On January 29, 2015, the Ontario Court of Appeal released its much anticipated decision with respect to expert evidence and expert reports. This decision restores the commonly understood role of experts, which is to provide opinion evidence that is fair, objective and non-partisan. Since planning and expropriation law is highly reliant on expert evidence, it is crucial that experts and lawyers understand their duties and obligations in light of the Court of Appeal’s recent decision.

Key Points For Expropriation And Planning Experts And Lawyers

The Court of Appeal’s decision means the following for planning and expropriation experts and lawyers:

  • Lawyers are permitted to review and discuss draft reports with experts;
  • Legal counsel and expert witnesses can and should meet to ensure that expert evidence is clear and pertinent to the matters at issue before the Ontario Municipal Board (the “OMB”);
  • The content of those discussions between counsel and expert witnesses is protected by litigation privilege, which protects communications between legal counsel and a third party where the dominant purpose of that communication is to prepare for litigation;
  • Draft reports, notes and records of any communication between experts and legal counsel are subject to litigation privilege and need not be disclosed to opposing counsel; and
  • Absent reasonable grounds to suspect that counsel improperly interfered with the expert witness’ duties of independence and objectivity, a party should not be allowed to demand production, and the court will not likely order production, of draft reports, notes and records of communication between experts and counsel.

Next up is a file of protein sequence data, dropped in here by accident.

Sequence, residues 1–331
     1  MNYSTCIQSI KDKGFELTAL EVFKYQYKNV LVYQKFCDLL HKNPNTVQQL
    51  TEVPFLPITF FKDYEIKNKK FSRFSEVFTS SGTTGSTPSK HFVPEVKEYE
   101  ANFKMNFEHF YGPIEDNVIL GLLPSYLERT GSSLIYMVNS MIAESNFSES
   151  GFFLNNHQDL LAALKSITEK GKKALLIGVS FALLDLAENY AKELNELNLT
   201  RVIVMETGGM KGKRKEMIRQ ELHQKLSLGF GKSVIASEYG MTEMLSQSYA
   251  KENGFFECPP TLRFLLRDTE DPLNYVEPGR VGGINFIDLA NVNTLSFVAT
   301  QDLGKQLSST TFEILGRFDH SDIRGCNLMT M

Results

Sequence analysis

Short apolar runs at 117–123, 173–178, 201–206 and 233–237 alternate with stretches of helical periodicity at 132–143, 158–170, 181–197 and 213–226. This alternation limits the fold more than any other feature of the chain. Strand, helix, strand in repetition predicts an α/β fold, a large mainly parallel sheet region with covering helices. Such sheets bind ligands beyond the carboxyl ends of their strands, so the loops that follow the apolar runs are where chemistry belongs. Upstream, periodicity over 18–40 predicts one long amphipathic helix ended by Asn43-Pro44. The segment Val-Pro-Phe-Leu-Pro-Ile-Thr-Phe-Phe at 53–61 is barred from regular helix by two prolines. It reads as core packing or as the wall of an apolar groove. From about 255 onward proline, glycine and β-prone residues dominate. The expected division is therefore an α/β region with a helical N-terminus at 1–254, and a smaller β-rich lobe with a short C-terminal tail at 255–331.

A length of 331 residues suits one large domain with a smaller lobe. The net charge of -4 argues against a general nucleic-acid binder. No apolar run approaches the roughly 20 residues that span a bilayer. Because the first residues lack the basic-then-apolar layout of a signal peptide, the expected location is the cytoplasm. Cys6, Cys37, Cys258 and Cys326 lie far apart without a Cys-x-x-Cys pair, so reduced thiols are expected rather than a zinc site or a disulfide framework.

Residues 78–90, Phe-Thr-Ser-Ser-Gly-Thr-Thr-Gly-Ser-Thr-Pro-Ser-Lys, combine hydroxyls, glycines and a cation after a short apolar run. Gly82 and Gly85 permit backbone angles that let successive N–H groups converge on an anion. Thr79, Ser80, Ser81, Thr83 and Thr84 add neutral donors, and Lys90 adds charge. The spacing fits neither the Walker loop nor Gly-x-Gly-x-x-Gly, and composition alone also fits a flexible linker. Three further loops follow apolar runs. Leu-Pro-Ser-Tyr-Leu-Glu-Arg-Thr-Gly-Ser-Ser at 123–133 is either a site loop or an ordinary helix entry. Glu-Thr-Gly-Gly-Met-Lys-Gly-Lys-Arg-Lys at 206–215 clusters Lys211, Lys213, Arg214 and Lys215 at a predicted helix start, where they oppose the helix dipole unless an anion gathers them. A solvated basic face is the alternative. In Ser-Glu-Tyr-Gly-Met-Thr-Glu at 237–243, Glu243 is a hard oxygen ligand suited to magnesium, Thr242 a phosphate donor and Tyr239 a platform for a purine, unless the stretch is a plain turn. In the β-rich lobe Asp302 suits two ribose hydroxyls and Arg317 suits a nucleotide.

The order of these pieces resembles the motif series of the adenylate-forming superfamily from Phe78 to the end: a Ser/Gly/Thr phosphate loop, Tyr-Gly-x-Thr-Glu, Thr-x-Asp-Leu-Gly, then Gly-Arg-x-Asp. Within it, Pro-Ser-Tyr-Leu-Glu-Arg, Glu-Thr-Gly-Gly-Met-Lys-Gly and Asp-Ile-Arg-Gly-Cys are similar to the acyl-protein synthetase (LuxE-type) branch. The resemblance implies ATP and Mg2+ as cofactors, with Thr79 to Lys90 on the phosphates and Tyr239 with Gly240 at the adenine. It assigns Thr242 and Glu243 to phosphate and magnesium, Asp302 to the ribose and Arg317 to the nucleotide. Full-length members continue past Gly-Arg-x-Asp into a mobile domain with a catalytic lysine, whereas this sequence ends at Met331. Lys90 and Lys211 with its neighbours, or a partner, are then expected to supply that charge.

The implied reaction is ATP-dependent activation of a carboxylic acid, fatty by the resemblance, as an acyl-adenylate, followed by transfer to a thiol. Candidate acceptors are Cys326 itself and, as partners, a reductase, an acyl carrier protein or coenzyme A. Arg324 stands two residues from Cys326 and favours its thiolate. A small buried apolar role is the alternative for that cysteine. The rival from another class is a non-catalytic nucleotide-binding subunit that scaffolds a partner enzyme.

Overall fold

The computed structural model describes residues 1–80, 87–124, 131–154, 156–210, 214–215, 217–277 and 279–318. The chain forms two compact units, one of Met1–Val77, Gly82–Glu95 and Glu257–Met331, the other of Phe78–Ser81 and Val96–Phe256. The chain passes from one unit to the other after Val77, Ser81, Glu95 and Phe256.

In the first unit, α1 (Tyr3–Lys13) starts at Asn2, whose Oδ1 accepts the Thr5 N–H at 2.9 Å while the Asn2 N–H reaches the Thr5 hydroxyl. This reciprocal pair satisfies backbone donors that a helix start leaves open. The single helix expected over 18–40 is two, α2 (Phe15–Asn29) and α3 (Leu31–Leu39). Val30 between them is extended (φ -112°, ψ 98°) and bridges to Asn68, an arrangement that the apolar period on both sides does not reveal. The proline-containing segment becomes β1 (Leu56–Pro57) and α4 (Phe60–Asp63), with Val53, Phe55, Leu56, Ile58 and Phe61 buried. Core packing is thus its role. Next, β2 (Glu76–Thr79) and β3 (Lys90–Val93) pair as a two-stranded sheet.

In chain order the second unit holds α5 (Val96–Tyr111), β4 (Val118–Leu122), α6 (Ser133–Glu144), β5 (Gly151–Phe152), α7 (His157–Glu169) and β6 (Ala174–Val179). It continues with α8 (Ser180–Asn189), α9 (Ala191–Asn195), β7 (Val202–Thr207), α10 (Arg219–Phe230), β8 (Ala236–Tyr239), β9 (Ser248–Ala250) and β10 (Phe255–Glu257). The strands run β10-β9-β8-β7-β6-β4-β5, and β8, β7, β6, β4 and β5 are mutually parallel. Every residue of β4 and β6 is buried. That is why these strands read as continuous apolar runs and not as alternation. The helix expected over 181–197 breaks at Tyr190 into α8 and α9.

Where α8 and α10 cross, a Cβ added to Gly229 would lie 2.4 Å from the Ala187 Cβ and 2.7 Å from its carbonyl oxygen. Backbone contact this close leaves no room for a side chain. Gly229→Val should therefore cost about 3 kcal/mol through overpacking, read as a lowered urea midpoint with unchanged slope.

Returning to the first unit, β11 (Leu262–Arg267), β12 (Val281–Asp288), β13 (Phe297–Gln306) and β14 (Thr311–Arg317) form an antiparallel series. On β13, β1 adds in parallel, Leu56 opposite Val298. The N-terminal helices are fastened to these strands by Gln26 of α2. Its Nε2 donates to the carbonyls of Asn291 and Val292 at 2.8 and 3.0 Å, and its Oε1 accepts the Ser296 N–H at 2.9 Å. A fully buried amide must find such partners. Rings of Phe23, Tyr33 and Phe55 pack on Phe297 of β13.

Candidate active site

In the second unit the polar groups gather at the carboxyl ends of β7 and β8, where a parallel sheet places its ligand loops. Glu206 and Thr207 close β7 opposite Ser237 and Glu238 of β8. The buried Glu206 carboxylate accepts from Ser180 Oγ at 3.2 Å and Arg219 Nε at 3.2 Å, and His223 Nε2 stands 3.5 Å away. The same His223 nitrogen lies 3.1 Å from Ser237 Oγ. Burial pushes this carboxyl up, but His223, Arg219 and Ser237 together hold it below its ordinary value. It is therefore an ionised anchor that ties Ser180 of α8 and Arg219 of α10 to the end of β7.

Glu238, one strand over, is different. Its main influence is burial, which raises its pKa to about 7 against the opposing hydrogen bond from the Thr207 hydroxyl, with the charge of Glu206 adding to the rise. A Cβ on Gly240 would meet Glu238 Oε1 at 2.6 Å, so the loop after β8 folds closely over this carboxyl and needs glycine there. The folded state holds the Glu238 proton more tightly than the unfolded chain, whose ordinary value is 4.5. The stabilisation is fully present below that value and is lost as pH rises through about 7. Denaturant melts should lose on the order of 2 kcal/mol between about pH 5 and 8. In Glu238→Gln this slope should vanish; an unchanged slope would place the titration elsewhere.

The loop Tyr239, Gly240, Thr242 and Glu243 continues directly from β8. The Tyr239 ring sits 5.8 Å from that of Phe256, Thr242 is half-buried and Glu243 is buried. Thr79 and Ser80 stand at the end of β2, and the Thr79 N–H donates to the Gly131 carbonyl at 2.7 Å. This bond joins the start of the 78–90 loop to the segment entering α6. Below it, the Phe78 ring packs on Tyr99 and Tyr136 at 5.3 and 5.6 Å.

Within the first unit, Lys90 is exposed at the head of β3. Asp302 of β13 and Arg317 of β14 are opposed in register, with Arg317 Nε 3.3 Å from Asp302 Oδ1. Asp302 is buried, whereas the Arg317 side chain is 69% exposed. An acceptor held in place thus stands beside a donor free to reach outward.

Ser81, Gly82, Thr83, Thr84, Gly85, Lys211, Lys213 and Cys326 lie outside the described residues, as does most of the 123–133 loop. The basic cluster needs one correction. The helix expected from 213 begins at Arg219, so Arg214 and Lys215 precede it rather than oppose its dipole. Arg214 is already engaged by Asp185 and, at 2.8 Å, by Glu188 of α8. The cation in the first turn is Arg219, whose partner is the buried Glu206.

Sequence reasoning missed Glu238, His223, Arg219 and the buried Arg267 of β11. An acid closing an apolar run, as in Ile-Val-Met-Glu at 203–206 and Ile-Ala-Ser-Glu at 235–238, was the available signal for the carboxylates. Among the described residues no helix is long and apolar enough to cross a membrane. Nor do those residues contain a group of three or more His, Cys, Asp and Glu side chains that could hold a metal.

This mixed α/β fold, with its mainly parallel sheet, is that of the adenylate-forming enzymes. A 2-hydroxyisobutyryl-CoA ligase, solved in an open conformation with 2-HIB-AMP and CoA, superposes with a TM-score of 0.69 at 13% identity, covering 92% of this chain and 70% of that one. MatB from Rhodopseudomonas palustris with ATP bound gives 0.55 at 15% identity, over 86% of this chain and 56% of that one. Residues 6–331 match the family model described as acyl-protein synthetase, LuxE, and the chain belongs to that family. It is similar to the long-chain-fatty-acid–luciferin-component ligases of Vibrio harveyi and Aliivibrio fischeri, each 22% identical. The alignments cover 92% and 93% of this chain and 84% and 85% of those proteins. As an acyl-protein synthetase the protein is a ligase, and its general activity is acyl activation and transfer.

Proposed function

The Ontario Superior Court’s Determination

On January 14, 2014, Justice Wilson of the Ontario Superior Court of Justice released her decision in the medical malpractice case, Moore v. Getahun. The plaintiff motorcyclist hit a parked hummer, fractured his right wrist, and later developed lasting permanent injuries to his right arm as a result of compartment syndrome. Justice Wilson concluded that the plaintiff’s compartment syndrome had been caused by the Defendant doctor applying a full circumferential cast to the initial fracture, an inappropriate treatment that caused permanent damage. During the trial, notes concerning a telephone call that took place between legal counsel and an expert witness were discovered and the expert witness indicated that legal counsel had suggested modifications and corrections to his report.

While counsel for the plaintiff does not appear to have pursued the issue, Justice Wilson ordered the production of the expert witness’s drafts and notes.

In her reasons, Justice Wilson cited what she believed to be changes to the duties and obligations of experts stemming from the Honourable Coulter Osborne’s review of the civil justice system, entitled Civil Justice Reform Project: Summary of Findings& Recommendations (the “Recommendations”). In an effort to address the concerns outlined in the Recommendations about “hired gun” experts1, Justice Wilson held the following:

The practice formerly may have been for counsel to meet with experts to review and shape expert reports and opinions. However, I conclude that the changes in Rule 53.03 preclude such a meeting to avoid perceptions of bias or actual bias. Such a practice puts counsel in a position of conflict as a potential witness, and undermines the independence of the expert.